He needed to revive a rebellion that had been put on hold until he became aware of it. The last leader had been taken away in the middle of the night.
He should know—he had pulled her from her bed and taken her to the Seven himself.
He looked at the monitor in this hidden room and ran a finger across the image on the screen. “Dur’loch, my love,” he whispered. “This will be for you.”
QBBS Meredith Reynolds
The children huddled together—human, Yollin, Torcellen. Their frightened eyes darted around the massive space. The bump, ba-bump, ba-bump of their hearts seemed loud in their ears.
Their friends and the other young ones around them could definitely hear how scared they were, right?
Red lights illuminated the giant cave. In this area the asteroid’s rock walls hadn’t been smoothed. They were still rough.
Just as they had been when the ship was created so many decades before.
They had come in here, laughing together after their last fright, becoming closer as they weathered the challenges of this night.
However, this was the final room, and SHE was here.
The kids could feel it, and the fear was starting to get to them. Many grabbed the hands or appendages of the kid next to them. Those who had weathered the experience so far and kept up a strong front in the other rooms couldn’t keep the fear from their eyes now.
“My name,” the darkness hissed, its voice guttural, like stones rubbing against each other.
The lights were extinguished and the children screamed.
Seconds later—a time which seemed like an eternity—the massive lights came back on, the cave blazing white as the kids looked around, trying to find the lady with the voice.
“There she is!” a young male Yollin yelled, his mandibles open as he pointed toward the ceiling high above them.
And there she was indeed.
Her red eyes flashed at them, and her white hair hung loose over her shoulders as her black skin gleamed in the light. Every child there saw how long her claws were.
“Happy Hallloooweeeeennnn!” She grinned, and they could see that her teeth had all been sharpened to points.
“AHHH!” Many girls (and more than a few guys) yelled when she disappeared from the walkway above.
The kids were glancing around, worrying she was coming down, when the exit doors opened. They recognized Empress’ Bitches John and Scott. “Don’t run!” John commanded, and the kids stopped.
“You know the drill!” Scott called. “You are all in the Etheric Academy. You will be orderly as you leave the Empress’ Haunted House!”
How did I do? Bethany Anne’s voice echoed in both her friends’ heads.
I’d say a few will probably need a change of underwear, Scott sent back.
Some are wondering if that was really you or just a good hologram. John added as he listened to the kids’ conversations. Their voices were excited as they chatted while waiting to exit the final room in the Haunted House.
No crying, though, Scott added. I think maybe ten is the minimum age of those we should allow to come into this room of the Haunted House.
I didn’t ramp the fear up nearly as much as I did for that first batch, she replied. I think I was trying to go for too much effect the first time.
John watched as the kids raced to meet their parents at the end of the hall. Their excitement at seeing the avatar of the Empress’ displeasure, even if many were saying she was just a hologram, was evident in their expressions and loud chatter.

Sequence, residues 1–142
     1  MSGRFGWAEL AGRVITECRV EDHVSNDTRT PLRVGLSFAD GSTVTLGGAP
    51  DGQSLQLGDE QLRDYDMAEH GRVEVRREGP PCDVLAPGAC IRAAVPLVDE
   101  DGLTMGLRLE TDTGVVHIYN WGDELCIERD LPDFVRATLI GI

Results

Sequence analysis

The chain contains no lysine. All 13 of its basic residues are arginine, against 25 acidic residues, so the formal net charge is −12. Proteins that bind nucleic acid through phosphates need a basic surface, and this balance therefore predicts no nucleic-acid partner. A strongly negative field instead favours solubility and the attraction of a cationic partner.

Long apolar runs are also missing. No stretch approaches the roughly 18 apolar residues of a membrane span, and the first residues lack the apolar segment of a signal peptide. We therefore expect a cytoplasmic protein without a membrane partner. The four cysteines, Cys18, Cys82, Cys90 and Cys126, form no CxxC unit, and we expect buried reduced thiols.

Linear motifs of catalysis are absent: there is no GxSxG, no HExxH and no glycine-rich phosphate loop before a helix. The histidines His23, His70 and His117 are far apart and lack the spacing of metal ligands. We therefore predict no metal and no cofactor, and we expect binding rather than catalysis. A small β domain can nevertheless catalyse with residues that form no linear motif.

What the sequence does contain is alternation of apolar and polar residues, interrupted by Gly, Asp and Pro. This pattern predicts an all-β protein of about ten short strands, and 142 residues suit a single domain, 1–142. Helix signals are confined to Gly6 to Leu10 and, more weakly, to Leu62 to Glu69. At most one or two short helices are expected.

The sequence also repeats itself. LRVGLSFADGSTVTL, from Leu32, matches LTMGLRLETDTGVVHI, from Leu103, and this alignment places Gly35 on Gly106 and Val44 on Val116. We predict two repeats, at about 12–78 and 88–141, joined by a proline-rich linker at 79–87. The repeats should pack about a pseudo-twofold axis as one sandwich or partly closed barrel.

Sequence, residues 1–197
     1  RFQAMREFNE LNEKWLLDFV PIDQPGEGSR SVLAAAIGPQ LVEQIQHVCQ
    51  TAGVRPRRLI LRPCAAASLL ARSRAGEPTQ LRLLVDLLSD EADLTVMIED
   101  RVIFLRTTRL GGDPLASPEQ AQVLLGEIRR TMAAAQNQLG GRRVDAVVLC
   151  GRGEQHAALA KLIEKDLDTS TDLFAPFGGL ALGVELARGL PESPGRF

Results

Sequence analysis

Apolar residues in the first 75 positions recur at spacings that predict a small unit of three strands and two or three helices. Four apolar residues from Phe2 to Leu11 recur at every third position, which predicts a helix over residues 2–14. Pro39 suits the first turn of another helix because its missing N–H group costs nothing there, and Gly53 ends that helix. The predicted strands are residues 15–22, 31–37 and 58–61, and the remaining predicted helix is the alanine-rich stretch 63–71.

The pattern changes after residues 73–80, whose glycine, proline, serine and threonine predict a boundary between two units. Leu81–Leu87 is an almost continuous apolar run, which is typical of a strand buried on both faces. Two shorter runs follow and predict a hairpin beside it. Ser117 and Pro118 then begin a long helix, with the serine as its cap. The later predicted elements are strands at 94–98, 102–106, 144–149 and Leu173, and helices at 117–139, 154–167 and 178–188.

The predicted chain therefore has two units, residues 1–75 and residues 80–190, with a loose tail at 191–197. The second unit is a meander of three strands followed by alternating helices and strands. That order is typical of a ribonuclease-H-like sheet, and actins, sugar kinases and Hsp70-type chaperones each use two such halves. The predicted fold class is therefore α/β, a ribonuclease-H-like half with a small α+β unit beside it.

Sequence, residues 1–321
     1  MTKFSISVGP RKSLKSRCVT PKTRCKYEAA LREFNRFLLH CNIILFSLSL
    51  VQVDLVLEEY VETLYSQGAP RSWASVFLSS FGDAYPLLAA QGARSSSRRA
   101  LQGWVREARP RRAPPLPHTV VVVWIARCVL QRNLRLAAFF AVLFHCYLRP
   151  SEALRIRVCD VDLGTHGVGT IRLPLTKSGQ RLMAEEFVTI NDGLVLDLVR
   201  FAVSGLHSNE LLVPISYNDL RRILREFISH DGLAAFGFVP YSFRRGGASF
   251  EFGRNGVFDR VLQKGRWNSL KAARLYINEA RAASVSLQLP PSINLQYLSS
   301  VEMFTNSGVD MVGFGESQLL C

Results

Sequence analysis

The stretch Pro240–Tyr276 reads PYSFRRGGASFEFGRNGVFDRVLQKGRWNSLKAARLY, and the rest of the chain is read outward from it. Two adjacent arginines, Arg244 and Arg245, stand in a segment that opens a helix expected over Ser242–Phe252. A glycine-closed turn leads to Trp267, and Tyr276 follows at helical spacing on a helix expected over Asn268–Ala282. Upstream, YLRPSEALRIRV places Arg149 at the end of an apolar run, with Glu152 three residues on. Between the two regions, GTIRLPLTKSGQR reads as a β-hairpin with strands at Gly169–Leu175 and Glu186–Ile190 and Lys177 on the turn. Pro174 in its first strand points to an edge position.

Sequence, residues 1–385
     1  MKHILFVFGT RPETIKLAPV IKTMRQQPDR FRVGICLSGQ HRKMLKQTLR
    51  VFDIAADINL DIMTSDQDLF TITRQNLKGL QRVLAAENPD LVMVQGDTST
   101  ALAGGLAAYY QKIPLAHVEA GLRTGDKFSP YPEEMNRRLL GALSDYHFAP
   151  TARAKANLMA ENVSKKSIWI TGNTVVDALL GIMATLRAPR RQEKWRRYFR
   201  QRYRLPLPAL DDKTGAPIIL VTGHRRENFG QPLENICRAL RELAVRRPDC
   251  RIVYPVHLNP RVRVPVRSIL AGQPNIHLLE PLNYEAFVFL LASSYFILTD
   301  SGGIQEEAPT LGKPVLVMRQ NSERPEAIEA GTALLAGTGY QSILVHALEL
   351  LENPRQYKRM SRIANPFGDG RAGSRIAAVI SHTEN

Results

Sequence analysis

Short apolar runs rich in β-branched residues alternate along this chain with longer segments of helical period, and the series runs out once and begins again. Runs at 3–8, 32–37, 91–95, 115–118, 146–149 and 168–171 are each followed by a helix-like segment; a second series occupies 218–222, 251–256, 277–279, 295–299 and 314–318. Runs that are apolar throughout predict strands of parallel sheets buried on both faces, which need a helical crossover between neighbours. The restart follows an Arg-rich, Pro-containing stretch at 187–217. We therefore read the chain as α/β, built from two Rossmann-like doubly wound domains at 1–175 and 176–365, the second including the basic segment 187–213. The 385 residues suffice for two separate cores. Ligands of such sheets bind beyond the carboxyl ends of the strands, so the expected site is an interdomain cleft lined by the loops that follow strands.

I think you might have started a tradition, John told her. I hope you won’t regret this.
I’ll get a hologram project going, she replied. I can use that same technology to display Bethany Anne from a distance. It will be good for us to have a backup plan to prove I’m around.
And do it where? Scott asked. He walked over to two arguing human boys. The larger one pulled his hand back, only to have it enveloped in another hand. When the boy pulled it didn’t budge, and he looked up to see that the problem was Scott.
The boy swallowed as Scott glared down at him. “Do you want,” Scott asked, “to have a personal discussion with Baba Yaga?” Scott looked around the large cave. “This is part of where she lurks.”
“Uhh…” The boy, his eyes flitting around the hallway, looked uncertain. “I thought she was a fake.”
From above, a cackle could be heard. Those kids still in the room looked up to see a black-skinned woman, white hair floating in the wind and eyes red, looking down at them. “Do I look like a fake to you?” she hissed.
Scott had to catch the boy before he hit the ground when he fainted.
YES! Bethany Anne cackled in their minds. I’ve still got it! Bullies ain’t got nothing on the Baba Yaga.
Scott shook his head as he lifted the young boy into his arms and turned toward the door. “And how am I supposed to know which set of parents he belongs to?”
“Oh, I know,” the other boy told Scott.
“Yeah?” Scott asked as they walked toward the door.
“Sure,” the young boy replied. “He’s my older brother.”
Planet H’lageh, Two Jumps from Yollin Sector
The bar was very nice; even modern-looking to Christina’s eyes. The H’lageh world wasn’t very large. In fact, it only had four major cities, plus the Holy City and the occasional very small scientific outpost.
All these areas were situated on ground that rose above the darkness, the lower areas of the planet where the heavier gasses had settled, and no light penetrated.
This planet was, Christina thought, nice and tidy. She had been on other planets, many larger than Yoll itself, which were covered in cities built anyplace that wasn’t too wet or too steep.
Or in the case of Yrrmock, too volcanic.